Tuesday, December 7, 2010

Torch Song (1953)

I'll probably return to this film later, but I just finished it and wanted to get my initial thoughts down, before I lose them in memories of pancake makeup (see above). Joan Crawford is a hot-button actress among classic film watchers — everyone has a strong opinion. After all these years and films, I still can't understand those who don't respect her, even if grudgingly. What has always drawn me to Joan and her work is that for a woman who was a perfectionist, and notoriously particular about how she was dressed and photographed, she was willing to give a great deal of herself to her roles, often in ways that were hardly flattering. Torch Song is a great example.

In Torch Song we meet Jenny Stewart, a Broadway star who got her spotlight by giving everything to her audience, always placing their needs first. For Jenny this philosophy becomes the crutch she uses against loneliness, and the club she wields to always get things done her way — which is almost always turns out to the best way. This is melodrama though, so of course Jenny is alone and without love, having domineered or alienated every man in her life. She's so abrasive she lacks female companionship as well. Aside from her maid, every guest at a party she throws is male, and none show the slightest interest in her affections. Only playboy / gigalo Cliff Willard (Gig Young) even gives her the time of day, and that's because she picks up his tabs. Miss Stewart, though Joan plays her sweet in private, is an ice queen.

The film itself is a colossal disaster, and exists firmly within the universe of camp — the colors are garish, the costumes are gaudy, and the dialog is over the top. (For over the top dialog though, it sure has some zing — this is one quotable movie.) And there there's the black-face number, Two-faced Woman. If the thing weren't so humiliating for those involved the film would likely never have seen a DVD release. Once you've seen it you'll understand that no amount of reproach will ever equal the embarrassment that had to be felt by those taking part in the film. At least the makeup would allow everyone involved, except Joan of course, to deny their involvement later.

What I love about this film is the focus on Joan's physical features. The movie takes great pains to showcase Joan's figure in a number of early scenes. Whether dancing, singing, or just sitting, we get to see plenty of the 48 year old's legs, midriff, and bare shoulders. Realizing that these things are happening in the film, one can't help but recognize that Crawford the actress is also vamping for your attention. Just when you are starting to think it all reeks of desperation on the part of the actress, not the character, a 15 foot tall cardboard cutout of Jenny Stewart in a showgirl outfit is delivered backstage, where Stewart pulls up her skirt just to compare the likeness that you realize that Crawford the actress is giving us this, humiliating herself just a little, in order to make Stewart are more human character. What Joan lacked in looks or talent, she made up in sacrifice; and this great quality is on display time and again in her work. It's the thing about Joan that allowed her to take mediocre material like Torch Song, and turn it into something you can't stop watching.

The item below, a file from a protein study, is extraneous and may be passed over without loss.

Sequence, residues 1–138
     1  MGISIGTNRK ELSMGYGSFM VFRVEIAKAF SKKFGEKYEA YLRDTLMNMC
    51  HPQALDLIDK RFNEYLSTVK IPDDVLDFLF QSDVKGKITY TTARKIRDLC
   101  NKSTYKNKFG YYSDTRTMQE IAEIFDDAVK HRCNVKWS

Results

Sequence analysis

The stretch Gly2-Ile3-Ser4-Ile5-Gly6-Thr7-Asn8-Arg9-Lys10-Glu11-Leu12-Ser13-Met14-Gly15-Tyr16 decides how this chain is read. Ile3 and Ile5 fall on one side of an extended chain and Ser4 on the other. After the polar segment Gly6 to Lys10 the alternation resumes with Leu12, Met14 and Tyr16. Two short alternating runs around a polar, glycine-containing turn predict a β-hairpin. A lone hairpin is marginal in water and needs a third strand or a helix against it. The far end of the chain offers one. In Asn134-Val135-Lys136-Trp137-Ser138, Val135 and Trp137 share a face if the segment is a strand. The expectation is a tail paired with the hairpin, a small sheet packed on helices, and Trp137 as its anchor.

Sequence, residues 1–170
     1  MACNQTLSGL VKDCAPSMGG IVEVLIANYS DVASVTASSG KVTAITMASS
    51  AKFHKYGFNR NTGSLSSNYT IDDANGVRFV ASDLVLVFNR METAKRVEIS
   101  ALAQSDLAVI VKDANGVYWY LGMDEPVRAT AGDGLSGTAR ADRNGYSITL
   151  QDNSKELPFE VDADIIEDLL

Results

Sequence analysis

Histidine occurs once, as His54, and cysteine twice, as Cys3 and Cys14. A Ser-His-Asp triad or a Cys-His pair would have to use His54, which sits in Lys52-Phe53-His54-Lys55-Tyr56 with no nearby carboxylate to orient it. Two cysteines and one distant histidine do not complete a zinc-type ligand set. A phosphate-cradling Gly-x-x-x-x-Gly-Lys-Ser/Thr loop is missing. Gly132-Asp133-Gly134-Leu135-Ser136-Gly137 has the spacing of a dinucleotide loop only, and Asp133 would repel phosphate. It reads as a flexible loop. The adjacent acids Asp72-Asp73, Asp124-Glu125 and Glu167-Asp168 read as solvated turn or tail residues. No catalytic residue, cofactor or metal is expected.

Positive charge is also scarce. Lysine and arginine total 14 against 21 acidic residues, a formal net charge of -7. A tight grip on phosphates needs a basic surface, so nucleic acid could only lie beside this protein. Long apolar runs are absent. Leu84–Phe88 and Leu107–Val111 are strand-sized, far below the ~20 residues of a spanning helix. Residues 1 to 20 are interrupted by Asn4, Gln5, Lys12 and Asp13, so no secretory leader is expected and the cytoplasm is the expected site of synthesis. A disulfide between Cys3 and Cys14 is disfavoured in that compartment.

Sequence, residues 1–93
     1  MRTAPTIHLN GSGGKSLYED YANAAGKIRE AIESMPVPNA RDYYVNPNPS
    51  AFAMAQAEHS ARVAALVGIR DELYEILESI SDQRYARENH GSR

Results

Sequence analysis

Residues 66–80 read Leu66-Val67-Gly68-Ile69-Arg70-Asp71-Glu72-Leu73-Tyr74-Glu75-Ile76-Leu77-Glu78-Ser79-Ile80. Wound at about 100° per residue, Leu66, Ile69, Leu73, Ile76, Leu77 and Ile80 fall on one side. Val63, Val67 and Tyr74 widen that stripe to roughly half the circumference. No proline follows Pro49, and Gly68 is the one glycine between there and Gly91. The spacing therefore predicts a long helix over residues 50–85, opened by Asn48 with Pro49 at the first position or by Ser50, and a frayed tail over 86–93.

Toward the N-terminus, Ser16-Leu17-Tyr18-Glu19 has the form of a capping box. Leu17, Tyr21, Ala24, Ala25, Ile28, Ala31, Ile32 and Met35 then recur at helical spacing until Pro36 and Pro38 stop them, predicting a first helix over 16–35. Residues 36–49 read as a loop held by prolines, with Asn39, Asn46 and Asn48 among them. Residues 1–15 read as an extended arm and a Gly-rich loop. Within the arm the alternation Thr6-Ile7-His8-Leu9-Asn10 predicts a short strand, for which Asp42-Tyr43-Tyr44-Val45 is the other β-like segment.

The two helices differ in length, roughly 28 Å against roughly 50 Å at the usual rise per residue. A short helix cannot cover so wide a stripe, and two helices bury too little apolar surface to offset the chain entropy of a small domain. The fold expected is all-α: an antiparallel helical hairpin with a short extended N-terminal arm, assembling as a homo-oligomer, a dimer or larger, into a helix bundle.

Maybe this was a case of art imitating life after all, but by the mid fifties the great parts for Joan and Bette were in the rear view mirror, and Baby Jane was still a decade away. As Joan herself said “You have to work with what they give you.”

At least she made the best of it.

Torch Song (1953)
Director: Charles Walters
Screenplay: John Michael Hayes and Jan Lustig
Starring: Joan Crawford, Michael Wilding, Gig Young, Marjorie Rambeau, and Harry Morgan.
Released by: MGM
Running time: 90 minutes
Availability: Widely on DVD


  1. Great blog, it 's given me a lot of inspiration to watch older films, that are hard to find, but very rewarding! :-)

  2. Let's say Ms Crawford song Two Faced Women was cultural appropriation. she wasn't of that race so she appropriated it through the means of custom and make up in order to pull off a song. just like Limehouse Blues sung by Julie Andrews in Star!.